In subsequent stages of development, an increase of productivity necessitates, however, appropriate political, legal, financial, educational, and cultural institutions that encourage and promote entrepreneurship, provide incentives for risk-taking and stimulate innovation. Poland, however, has a problem with its institutions, as evidenced by all the ratings that evaluate economic freedom, quality of government, the judiciary branch, the legislative process and the area of research.
Capital waives a national flag
Fiat also reflects Poland’s successes and threats in another field. It is an example of a successful privatization process conducted through the use of foreign capital, but also a painful signal that the overall dependence on foreign capital and the evident weakness of domestic capital can be dangerous.
Fiat was one of the first large Polish companies which were privatized. At the turn of 1989 and 1990, when state-owned enterprises were converted into companies with State Treasury shareholding, the then factory of small-engine cars (Fabryka Samochodów Małolitrażowych, FSM) faced bankruptcy. The development of new models of cars required funding, which was beyond the possibilities of the Polish government. Italians immediately declared their desire to acquire the company, as years of cooperation in the production of various models of Fiats made the group from Turin a natural candidate among companies that wished to take over the Polish plant.
In May 1992, in the limelight and in the presence of high-ranking politicians, Fiat took control over the FSM. Back then, dozens of Polish companies benefited from an influx of foreign capital and technology, which led to the country’s rapid modernization. Today, almost 70% of Poland’s exports are realized by foreign investors.
Capital, however, has its specific nationality and is often behaving chimerically. In Italy, Fiat is regarded as a national treasure, and no one would dare suggest to move manufacturing activities from Italy to Poland in the times of economic crisis. Even the professional management board of Fiat does not deny that the company plays a crucial role in its home country. Even though from the point of view of production costs it would be advisable to maintain a high level of production in the plant in Tychy and, simultaneously, reduce it in Italian factories, neither the mainstream Italian media nor business analysts and sectoral magazines would put forward such an argument.
One might say that economic nationalism brings nothing else but problems and there is some truth in that – Italy is an excellent example here. However, even when we discard pathological situations, capital – as a general trend observed throughout the world – tends towards domestic markets. This is confirmed by both observations and research. Economists once speculated why the majority of countries with a high saving rate maintain also a high rate of investment, even though no interdependencies should be observed between these variables in the context of free capital flows (just like no interdependencies are observed, for instance, between oil resources and oil consumption). It is due to the fact that even though capital is constantly moving around the globe, it also likes to „stay” at home.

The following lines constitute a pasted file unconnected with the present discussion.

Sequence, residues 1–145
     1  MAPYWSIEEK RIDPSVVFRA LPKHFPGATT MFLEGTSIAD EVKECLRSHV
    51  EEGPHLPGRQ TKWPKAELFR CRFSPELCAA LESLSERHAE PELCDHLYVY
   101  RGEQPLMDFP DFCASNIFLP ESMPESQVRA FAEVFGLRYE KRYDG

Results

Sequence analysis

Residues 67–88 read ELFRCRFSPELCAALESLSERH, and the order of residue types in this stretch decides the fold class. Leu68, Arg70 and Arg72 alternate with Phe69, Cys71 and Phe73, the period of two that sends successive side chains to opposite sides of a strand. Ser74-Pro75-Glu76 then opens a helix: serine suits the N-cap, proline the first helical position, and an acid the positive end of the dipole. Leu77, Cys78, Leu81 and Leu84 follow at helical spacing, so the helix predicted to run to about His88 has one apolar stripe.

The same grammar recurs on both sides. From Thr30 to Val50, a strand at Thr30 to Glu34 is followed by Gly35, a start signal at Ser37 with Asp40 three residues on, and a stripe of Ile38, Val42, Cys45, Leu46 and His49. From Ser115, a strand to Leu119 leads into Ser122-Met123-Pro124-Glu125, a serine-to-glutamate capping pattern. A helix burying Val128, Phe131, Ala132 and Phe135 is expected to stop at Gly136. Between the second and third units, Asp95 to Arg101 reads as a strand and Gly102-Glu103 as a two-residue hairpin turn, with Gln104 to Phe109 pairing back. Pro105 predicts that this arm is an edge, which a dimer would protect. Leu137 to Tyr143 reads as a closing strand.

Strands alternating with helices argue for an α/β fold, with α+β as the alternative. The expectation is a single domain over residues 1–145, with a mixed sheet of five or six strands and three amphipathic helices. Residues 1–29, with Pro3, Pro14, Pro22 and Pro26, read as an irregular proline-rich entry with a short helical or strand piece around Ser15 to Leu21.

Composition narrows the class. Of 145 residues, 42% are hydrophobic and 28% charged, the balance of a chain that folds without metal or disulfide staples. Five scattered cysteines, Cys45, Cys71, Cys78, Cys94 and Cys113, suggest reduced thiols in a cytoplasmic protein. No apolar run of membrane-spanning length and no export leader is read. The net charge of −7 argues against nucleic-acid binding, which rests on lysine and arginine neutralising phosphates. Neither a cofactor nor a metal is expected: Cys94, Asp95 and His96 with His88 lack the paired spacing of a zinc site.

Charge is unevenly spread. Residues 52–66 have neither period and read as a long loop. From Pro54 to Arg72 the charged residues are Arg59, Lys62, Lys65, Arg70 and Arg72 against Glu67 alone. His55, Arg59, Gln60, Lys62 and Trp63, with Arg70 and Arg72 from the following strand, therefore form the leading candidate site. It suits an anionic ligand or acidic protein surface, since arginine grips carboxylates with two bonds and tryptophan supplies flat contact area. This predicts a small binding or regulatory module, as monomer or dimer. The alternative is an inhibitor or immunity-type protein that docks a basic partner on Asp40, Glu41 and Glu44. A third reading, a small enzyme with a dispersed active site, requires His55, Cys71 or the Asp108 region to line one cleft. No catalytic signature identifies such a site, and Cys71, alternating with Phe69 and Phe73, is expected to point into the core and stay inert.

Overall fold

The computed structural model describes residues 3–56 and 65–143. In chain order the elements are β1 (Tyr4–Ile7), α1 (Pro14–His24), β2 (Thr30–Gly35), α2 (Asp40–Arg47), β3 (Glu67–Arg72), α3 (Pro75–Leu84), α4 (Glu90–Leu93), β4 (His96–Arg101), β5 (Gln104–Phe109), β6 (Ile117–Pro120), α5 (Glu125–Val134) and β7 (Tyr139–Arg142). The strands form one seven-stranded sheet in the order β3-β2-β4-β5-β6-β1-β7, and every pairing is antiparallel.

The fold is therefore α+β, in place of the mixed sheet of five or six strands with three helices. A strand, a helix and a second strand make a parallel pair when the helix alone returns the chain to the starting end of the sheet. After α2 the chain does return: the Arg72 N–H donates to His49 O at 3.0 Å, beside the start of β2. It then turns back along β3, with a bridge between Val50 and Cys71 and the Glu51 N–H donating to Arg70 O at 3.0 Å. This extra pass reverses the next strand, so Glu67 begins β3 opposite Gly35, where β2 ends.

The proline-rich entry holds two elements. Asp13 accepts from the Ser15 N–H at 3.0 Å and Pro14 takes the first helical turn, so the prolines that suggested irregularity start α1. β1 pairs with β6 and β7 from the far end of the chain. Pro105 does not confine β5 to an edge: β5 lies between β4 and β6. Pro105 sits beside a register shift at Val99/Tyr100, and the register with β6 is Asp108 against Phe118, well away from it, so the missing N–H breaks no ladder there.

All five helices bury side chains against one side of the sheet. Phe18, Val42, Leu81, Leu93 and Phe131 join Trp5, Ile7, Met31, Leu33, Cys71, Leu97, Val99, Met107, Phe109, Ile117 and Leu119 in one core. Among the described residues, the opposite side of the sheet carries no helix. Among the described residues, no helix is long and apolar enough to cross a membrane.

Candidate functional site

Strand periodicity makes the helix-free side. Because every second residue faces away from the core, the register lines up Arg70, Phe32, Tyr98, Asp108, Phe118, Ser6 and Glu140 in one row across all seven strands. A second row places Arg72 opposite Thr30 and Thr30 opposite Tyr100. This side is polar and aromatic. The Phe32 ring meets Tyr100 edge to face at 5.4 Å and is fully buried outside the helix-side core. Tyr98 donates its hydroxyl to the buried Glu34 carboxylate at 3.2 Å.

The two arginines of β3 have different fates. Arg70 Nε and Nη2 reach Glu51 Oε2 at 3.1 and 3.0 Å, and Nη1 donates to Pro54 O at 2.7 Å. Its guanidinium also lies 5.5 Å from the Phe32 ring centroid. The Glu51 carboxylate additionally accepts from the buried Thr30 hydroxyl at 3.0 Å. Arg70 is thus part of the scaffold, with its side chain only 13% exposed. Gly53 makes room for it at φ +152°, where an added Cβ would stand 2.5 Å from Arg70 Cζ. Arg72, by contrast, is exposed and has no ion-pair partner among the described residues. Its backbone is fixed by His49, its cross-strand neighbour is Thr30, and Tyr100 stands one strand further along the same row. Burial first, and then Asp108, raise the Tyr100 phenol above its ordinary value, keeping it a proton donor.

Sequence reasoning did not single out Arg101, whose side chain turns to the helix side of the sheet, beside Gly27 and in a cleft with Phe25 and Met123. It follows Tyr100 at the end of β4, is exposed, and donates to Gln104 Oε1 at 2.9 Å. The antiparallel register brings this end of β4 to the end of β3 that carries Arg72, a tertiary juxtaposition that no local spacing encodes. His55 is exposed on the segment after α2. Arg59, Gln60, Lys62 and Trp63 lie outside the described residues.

Therefore, despite Poland’s giant benefits from foreign investments, it will be difficult to sustain a high growth rate in the future without strengthening domestic capital, which in turn will be difficult without an increase in domestic savings. In the times of crisis, foreign companies may reduce their level of production in our country for political reasons, even though this seems to be of minor importance. The fact that our capital resources may prove insufficient to provide funding to industries with a high growth potential is far more alarming. Poland is likely to record a low rate of investment, and therefore a slow growth of production assets. In terms of technology, we will be dependent on the decision of global players. The naturally high level of savings cannot solve all the problems, but maintaining a rapid pace of growth is impossible without them.
Fiat’s problems sparked patriotic comments among politicians and certain commentators who called for rescuing the Polish factory, exerting political pressure on Fiat’s management and convincing them to save jobs, as well as introducing a more tangible strategy supporting the automotive industry. However, the truth is that Polish politicians are helpless – they are unable to influence decisions taken in Turin, or to bring about rapid changes in the Polish automotive industry.
The first step would consist in realizing that we are entering a difficult period and that the reaping the rewards of the 1989 transformation will soon come to an end. The time has come for a new transformation: from the free-market economy, albeit fettered by the constraints due to the inefficiency of national courts, inconsistent regulations and a complicated fiscal system, towards an economy which is favourable to foreign and domestic investors. If this proves to be a success, in a few years’ time Fiat might be back in Tychy with a new plan for the factory: manufacturing larger models of vehicles.